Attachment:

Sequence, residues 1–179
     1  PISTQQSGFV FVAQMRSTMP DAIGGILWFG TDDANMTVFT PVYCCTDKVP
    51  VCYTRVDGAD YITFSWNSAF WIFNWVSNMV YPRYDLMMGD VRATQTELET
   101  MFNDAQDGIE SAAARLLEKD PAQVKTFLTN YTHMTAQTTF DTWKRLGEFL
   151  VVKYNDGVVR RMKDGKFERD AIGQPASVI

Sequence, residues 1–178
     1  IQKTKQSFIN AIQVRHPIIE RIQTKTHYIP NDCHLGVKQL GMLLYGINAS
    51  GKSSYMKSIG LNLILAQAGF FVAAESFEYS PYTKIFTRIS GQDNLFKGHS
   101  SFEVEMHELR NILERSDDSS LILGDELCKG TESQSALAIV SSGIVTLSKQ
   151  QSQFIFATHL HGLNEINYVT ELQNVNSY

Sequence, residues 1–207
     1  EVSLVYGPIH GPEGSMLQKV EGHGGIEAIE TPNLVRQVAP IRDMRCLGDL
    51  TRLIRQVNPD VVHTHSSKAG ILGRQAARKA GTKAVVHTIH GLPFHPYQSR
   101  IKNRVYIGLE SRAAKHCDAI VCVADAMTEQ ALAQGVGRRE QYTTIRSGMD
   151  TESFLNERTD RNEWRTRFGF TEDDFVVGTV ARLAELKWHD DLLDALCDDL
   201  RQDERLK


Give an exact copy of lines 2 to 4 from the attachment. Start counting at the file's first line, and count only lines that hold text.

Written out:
     1  PISTQQSGFV FVAQMRSTMP DAIGGILWFG TDDANMTVFT PVYCCTDKVP
    51  VCYTRVDGAD YITFSWNSAF WIFNWVSNMV YPRYDLMMGD VRATQTELET
   101  MFNDAQDGIE SAAARLLEKD PAQVKTFLTN YTHMTAQTTF DTWKRLGEFL